March 20, 2022
Sister Rose Ann Barmann, OSB reflects on the scripture readings: Exodus 3:1-8a 13-15; Psalm 103; 1 Corinthians 10:1-6, 10-12; Luke 13:1-9
Our Word of God for this Third Sunday of Lent reveals to us what God is like by means of a conversation between Moses and Yahweh. We hear, “The Lord is kind and merciful.” This is what we sing and proclaim in the responsorial psalm. This is the heartfelt message that our Church wants us to hear and experience from our Creator God today. As daughters and sons of God, we are called to be open and receptive to hear and receive this message. God is love and gazes upon us with kindness and mercy.
Kindness and mercy are the threads that connects God’s Word from Exodus to the Corinthians and to the Gospel reading for today. “I AM who AM.” Paul weaves that message through his writings to the Corinthians. Paul is reprimanding the Corinthians because they are like their ancestors, that although they were all under the cloud and all passed through the sea, baptized into Moses and drank the same spiritual drink from the spiritual rock of Christ. Yet God was not pleased with most of them. They were struck down in the desert because of their hardness of heart.
In our Sacred Words from Exodus, we learn who God is as we listen in on this conversation between God and Moses who is shepherding his flock. We note that God reveals God’s self in the very ordinary daily task of Moses’ life, tending the flock of his father-in-law, Jethro. Our God is a “homey” God who reveals Her Divine self in the very routine activities of our lives. It is during a normal human exchange between God and Moses that we learn that God is the foundation of Being… I Am who AM. Simply Profound!!! We recall Jesus’ query to Peter, “But who do you say I AM?” And Peter makes his confession, “You are the Christ.”
Jesus, in the Gospel, sounds angry and threatening, “Repent or you will perish,” he says. The tower at Siloam fell on eighteen people. He curses the fig tree. Jesus sounds like he is on a rampage.
Our loving Jesus whom we know, and love becomes angry, offended and impatient with his people. Sometimes we have those same feelings.
News comes to Jesus that Pilate has murdered several Galilean people. Still worse, Pilate has mixed their blood with that of sacrificed animals. This is a terrible, gruesome story, worthy of denunciation. Is it not like Mr. Putin bombing Ukraine?
Jesus draws a point from it: “Do you think that because these Galileans suffered in this way, they were greater sinners than all other Galileans?” By no means! Jesus says, “But I tell you, if you do not repent, you will all perish as they did!” Jesus is challenging his listeners and us, that they are just like the Galileans who they are criticizing and condemning.
It seems you don’t have to murder people in order to get punished. You can qualify just by failing to repent!
Why is Jesus so harsh? Is he a truly an angry savior? Was he angry in the same way a lot of people think the God of the Old Testament was? Unforgiving, warlike, furious, demanding an infinite sacrifice to make up for humankind’s sins against a loving God?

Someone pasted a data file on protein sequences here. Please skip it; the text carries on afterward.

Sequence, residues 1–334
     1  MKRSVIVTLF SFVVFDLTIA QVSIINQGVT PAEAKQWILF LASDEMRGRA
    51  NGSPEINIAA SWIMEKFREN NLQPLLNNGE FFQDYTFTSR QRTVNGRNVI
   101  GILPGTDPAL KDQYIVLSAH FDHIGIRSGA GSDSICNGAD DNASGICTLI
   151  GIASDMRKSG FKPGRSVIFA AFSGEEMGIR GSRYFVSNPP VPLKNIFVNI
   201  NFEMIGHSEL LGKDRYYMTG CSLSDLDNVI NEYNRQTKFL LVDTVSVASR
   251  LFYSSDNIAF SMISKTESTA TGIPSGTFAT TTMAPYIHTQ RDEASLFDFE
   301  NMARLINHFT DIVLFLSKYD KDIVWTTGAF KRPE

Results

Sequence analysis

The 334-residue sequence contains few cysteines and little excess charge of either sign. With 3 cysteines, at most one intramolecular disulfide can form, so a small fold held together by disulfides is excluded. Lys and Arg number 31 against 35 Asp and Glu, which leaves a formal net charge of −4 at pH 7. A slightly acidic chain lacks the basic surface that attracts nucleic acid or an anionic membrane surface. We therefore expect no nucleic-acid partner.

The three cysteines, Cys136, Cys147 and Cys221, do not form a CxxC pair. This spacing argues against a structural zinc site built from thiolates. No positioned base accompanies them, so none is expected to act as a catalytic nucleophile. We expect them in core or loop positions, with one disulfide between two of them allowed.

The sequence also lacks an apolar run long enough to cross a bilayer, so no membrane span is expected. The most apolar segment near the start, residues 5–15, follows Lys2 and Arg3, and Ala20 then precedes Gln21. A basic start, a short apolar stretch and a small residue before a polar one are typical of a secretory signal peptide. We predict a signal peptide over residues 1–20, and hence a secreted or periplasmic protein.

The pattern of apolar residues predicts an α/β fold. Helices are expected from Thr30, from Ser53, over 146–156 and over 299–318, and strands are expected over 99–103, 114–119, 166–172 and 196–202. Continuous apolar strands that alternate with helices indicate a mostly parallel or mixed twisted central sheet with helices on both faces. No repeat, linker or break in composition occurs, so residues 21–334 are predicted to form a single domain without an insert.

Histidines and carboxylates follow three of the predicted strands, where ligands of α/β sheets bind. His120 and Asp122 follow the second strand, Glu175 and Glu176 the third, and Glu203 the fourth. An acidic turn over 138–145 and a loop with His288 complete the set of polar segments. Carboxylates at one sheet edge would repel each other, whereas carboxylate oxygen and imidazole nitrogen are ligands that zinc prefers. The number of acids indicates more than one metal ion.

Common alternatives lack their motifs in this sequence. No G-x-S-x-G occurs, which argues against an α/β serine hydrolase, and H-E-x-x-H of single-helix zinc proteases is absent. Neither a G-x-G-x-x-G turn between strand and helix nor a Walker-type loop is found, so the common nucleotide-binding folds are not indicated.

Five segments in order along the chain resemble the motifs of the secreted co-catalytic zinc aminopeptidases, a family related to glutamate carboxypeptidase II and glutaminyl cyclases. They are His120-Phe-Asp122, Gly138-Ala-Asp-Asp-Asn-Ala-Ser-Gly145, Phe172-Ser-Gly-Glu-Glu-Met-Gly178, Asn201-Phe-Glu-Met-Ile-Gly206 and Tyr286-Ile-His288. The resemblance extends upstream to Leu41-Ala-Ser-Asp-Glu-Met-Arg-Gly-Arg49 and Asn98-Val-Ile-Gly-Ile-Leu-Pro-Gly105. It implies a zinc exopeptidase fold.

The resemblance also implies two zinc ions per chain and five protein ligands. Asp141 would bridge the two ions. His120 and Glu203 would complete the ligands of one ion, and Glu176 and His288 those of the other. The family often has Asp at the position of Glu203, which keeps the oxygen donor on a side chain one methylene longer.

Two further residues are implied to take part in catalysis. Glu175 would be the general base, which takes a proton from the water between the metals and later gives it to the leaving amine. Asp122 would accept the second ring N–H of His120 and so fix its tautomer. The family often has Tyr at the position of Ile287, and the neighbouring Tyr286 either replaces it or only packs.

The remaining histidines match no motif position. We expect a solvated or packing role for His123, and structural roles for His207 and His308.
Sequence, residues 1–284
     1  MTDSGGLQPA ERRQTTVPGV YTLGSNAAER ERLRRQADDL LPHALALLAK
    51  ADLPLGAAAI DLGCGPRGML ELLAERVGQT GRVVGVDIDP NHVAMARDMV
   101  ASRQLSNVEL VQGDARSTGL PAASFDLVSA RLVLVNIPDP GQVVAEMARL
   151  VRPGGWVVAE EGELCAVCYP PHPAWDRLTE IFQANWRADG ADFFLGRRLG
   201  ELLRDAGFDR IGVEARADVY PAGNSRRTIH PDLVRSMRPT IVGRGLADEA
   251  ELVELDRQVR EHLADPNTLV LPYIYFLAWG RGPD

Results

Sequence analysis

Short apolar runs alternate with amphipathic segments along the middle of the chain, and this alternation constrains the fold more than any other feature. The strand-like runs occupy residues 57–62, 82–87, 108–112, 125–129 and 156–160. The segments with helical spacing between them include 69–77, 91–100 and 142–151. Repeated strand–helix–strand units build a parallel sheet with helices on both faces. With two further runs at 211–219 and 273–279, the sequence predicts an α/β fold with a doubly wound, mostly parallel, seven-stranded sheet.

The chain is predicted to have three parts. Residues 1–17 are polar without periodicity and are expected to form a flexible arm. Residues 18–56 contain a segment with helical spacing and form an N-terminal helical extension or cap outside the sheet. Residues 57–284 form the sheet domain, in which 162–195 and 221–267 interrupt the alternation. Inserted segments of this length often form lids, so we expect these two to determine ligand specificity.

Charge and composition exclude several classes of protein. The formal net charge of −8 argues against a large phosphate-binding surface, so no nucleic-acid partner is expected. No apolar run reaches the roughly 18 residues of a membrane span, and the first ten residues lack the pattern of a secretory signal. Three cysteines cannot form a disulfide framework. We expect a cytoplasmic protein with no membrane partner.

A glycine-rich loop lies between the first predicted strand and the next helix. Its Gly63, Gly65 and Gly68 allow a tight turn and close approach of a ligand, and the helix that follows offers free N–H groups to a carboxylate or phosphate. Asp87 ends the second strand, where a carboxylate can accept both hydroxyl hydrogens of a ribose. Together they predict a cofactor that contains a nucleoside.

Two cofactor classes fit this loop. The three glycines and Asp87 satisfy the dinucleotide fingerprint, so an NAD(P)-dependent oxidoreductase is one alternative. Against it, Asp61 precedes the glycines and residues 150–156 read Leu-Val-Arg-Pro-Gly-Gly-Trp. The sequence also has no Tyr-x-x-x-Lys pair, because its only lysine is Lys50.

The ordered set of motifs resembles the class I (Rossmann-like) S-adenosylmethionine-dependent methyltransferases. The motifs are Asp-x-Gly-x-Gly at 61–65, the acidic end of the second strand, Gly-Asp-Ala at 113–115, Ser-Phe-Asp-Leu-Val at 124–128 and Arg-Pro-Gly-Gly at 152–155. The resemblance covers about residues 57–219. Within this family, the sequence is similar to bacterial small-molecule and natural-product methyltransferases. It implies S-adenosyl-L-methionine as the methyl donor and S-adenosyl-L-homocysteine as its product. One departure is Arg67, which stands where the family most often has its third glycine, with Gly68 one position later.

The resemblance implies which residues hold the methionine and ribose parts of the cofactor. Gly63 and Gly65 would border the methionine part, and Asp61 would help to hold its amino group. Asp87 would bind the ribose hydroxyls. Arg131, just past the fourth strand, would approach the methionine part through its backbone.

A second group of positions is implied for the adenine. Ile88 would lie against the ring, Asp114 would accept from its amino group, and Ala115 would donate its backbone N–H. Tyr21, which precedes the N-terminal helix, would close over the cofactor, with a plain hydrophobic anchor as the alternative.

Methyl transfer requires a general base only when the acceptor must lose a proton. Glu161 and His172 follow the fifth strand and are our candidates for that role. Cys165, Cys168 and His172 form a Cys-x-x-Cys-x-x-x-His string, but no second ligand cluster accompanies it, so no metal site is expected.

On the contrary, when we look at the first reading, we do not find an irate God at all. Instead, we find a tender one, grieving over the troubles of her people. In Exodus, God says to Moses, “I have witnessed the affliction of my people in Egypt and have heard their cry of complaint against their slave drivers, so I know well what they are suffering. Therefore, I have come down to rescue them.” God speaks these words miraculously to Moses from the midst of a burning bush that is not consumed by its own flames! He begins to instruct Moses about how to rescue God’s people. With great compassion from the depths of God’s heart, God tells Moses how he will be a liberator of God’s people.
The Rabbi Jesus, as a storyteller in the second half of our Gospel, helps us to understand this Good News for today. An orchard owner orders his gardener to chop down a sadly unproductive fig tree. But the gardener advises the owner to leave it one more year and see if, with some tending, it will bear fruit. Just give it one more chance.
Who does the heartless orchard owner represent? We always assume that it is God. We half-remember the story in Mathew 21:18-19. “When Jesus is going back to the city one morning, he was hungry. Seeing a fig tree by road, he went over to it. But found nothing on it except leaves.” Jesus curses the fruitless fig tree. This curse of Jesus is a sign of the judgment that is to come upon Israel that with all their apparent piety, they lack the fruit of good deeds.
Jesus is not the orchard owner but the gardener, asking mercy for the weak and barren fig tree. Our God is kind and merciful. Isn’t this exactly what he is doing when he warns that they will perish if they don’t repent? Isn’t Jesus challenging all of us to turn back to God to avoid annihilation?
There is no reason to fear God since she is infinite and infinitely fierier than the burning bush. But the closer you come to the real heart of God, the more your fear turns to gratitude, love, and praise. You are not annihilated or consumed by the divine fire—you are warmed and gentled by God’s welcoming hearth.
So, what is God’s word asking of me, you, and our Church this Third Sunday of Lent? I hear God calling me to be kind and non-judgmental, and to give the individuals who hurt me or slight me another chance and to forgive. Let us pray for one another as we move through this Lenten Journey with this Word of God as our guide. Credits: “Spirituality of Readings” Year C. Jesuit Website. John Foley, SJ. Mary M. McGlone, CSJ. National Catholic Reporter